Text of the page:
Noncognitive Assessment and College Success: The Case of the Gates MillenniumPublished Aug 2008
Examines noncognitive measures in admissions used to expand access and improve student engagement for low-income students and students of color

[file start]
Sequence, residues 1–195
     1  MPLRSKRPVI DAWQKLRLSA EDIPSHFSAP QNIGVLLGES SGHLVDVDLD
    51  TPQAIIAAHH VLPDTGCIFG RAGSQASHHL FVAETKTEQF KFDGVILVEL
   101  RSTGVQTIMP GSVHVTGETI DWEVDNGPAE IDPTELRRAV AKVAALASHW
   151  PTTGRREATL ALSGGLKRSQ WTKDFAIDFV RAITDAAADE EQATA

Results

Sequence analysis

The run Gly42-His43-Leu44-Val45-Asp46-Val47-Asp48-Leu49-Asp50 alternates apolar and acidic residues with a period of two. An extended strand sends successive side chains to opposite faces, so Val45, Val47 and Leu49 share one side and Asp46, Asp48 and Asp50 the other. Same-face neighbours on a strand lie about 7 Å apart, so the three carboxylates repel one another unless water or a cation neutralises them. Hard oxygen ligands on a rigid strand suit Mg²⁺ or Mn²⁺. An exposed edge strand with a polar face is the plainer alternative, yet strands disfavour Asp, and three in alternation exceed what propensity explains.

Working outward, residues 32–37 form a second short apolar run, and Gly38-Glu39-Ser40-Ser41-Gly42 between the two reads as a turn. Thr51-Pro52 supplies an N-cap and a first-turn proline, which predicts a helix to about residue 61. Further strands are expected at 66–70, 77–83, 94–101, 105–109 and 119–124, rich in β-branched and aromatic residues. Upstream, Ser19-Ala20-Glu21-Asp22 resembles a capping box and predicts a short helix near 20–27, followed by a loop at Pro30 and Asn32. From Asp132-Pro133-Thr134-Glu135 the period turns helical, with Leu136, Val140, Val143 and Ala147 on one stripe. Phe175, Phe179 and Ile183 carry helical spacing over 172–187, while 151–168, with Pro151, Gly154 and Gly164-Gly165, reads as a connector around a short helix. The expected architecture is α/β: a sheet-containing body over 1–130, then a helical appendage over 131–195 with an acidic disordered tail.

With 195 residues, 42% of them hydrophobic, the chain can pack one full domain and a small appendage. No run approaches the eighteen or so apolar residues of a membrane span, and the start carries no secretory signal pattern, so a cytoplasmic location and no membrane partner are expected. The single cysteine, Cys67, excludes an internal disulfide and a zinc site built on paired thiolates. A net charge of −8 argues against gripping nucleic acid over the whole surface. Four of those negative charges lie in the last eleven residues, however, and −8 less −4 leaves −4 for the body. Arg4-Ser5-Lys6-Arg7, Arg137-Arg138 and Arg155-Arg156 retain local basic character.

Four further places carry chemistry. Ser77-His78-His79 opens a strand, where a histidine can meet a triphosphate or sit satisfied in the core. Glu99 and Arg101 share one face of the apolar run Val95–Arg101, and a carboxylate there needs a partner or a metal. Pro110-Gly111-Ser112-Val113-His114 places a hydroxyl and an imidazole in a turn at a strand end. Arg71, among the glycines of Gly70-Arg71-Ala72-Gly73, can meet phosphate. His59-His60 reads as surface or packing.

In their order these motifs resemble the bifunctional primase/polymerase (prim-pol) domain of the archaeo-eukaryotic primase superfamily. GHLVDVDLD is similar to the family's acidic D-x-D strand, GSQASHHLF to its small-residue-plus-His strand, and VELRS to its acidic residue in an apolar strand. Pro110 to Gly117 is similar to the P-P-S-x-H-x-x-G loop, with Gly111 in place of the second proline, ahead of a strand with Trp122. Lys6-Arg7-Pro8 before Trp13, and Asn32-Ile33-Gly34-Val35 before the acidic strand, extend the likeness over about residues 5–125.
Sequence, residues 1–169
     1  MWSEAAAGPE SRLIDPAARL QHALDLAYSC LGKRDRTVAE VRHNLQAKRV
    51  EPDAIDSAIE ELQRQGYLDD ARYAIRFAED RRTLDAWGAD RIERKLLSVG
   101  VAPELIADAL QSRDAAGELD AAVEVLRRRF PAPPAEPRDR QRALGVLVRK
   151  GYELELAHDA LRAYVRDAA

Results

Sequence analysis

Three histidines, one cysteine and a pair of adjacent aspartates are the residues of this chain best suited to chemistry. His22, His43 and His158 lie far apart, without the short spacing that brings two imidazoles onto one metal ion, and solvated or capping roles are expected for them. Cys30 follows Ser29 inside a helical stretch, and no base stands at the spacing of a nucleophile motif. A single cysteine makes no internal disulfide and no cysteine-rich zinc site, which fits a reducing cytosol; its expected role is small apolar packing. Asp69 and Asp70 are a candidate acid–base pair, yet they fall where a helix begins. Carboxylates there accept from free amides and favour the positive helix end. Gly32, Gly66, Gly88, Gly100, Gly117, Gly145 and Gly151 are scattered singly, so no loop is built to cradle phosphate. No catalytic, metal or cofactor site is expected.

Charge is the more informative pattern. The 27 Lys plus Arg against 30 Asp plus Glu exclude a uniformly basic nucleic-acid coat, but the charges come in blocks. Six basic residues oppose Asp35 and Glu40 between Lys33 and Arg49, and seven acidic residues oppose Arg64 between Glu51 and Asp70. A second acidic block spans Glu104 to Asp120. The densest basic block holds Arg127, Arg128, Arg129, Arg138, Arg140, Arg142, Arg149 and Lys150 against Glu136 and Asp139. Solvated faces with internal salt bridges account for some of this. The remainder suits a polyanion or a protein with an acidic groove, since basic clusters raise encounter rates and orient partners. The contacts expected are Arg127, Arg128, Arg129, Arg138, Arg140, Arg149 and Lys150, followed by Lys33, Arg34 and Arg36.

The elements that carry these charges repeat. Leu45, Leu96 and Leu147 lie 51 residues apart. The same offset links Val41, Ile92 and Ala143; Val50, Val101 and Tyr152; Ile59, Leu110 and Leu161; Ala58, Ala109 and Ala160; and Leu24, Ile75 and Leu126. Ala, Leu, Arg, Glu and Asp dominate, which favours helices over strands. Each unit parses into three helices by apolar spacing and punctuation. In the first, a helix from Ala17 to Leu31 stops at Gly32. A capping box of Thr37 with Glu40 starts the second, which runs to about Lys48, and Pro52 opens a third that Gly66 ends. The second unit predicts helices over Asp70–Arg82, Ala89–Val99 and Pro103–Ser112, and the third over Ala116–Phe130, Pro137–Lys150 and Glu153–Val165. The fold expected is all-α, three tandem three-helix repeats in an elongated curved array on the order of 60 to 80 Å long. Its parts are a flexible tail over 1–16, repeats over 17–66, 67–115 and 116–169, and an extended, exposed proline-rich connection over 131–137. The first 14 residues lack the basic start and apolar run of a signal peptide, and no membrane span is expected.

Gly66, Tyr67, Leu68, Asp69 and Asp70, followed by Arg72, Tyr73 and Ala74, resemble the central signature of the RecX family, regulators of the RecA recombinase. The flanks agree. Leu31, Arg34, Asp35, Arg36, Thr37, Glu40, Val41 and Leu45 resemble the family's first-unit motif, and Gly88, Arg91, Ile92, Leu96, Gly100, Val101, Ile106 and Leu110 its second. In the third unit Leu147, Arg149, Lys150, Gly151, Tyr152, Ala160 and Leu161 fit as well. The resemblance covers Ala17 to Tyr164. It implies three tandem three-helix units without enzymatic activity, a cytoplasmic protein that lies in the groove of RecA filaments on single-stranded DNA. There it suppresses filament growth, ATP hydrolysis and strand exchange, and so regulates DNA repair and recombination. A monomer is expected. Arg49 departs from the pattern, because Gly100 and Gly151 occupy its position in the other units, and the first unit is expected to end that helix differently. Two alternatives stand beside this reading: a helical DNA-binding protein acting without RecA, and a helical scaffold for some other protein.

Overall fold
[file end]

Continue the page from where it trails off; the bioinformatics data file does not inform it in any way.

Given shifting demographic patterns in the United States and the importance of higher education to the 21st century workforce, policymakers and higher education officials are looking for ways to help underrepresented groups enroll in college and complete postsecondary credentials. Some decision makers have realized that traditional methods of assessing potential college students, particularly the reliance on standardized test scores in college admissions, may overlook strong applicants. Student groups currently underrepresented in higher education—including minorities, students from low-income families, and students whose parents did not attend college—may not perform especially well on traditional assessments but may still be able to succeed in college. This issue brief examines noncognitive measures (psychological, social, and cultural factors) some colleges and universities are beginning to use to supplement and expand the information they have about their applicants.